Late August

Kelly Sievers, CRNA

Spring 2005 - Volume 5 Number 2


Sycamores are first to curl
and drop their leaves and "I sense"
dry, late August with relief:
the spot on my mother’s lung
is not cancer, just an idle
shadow slumbering. I welcome
dormancy, but set sprinklers
in my yard, watering burnt
hydrangea, crisp clematis.
Everywhere I look the world
is withering on spindly legs.
At work a patient recoils
when I touch her arm, "I will
take care of you," I tell her.
"Take care. Take care,"
she repeats. I give her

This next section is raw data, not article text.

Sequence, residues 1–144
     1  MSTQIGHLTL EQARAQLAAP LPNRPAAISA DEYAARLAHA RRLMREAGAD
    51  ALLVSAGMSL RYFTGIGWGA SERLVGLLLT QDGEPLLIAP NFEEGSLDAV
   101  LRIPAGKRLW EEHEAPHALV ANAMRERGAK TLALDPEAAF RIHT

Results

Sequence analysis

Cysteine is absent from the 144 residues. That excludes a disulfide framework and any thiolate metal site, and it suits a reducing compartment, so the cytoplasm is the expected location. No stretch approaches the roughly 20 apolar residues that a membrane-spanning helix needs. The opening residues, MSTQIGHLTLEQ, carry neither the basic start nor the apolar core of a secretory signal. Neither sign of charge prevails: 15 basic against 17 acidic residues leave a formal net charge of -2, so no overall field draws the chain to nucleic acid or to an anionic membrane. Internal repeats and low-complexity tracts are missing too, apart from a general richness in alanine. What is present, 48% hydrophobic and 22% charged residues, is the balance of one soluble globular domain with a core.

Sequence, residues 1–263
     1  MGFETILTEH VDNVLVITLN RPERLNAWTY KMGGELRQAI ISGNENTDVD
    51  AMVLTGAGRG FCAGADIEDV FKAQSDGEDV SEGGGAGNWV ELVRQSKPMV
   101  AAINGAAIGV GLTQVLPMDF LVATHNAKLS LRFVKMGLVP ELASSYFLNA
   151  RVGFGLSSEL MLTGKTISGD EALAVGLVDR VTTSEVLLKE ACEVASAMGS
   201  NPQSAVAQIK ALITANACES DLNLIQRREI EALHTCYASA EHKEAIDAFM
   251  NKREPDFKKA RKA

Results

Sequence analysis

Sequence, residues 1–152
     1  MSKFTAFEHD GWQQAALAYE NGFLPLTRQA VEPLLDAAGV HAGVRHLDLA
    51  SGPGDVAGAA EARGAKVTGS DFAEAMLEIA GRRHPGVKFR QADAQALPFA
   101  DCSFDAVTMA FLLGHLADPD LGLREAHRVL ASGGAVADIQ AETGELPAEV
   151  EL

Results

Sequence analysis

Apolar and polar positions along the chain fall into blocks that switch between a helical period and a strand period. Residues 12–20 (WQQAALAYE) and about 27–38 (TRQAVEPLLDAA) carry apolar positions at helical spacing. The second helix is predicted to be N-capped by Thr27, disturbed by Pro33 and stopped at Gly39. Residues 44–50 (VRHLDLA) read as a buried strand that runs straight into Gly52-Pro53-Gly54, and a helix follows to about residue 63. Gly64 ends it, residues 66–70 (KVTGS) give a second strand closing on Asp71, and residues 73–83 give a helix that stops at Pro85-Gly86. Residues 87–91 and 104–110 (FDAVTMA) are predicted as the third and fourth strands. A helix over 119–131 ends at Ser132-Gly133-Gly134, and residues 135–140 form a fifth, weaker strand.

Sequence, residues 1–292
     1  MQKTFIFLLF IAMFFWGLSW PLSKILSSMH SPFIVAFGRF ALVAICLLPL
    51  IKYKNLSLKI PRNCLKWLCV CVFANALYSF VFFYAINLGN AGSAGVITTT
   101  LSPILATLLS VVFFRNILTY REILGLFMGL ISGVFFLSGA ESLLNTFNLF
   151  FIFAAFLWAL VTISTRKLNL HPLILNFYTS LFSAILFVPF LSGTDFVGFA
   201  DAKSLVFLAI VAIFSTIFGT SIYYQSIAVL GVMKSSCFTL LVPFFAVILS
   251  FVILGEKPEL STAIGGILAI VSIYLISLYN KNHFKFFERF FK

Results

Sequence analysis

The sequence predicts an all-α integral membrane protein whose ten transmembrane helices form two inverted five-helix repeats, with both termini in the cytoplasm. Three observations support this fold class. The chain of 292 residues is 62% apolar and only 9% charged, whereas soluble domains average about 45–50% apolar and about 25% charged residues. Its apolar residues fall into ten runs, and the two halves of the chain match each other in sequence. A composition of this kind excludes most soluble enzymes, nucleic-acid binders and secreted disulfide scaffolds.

oxygen, parcelled doses
of anesthesia, unfurl her
twisted legs. Another patient
fingers a St. Teresa medal
pinned to her gown. When I ask
about daughters, she searches
trees outside the window
for ages, names.
In the market
a man cradles his
arthritic hand around a
peach. "Do they feel ripe?"
he asks. I find him

three perfect peaches


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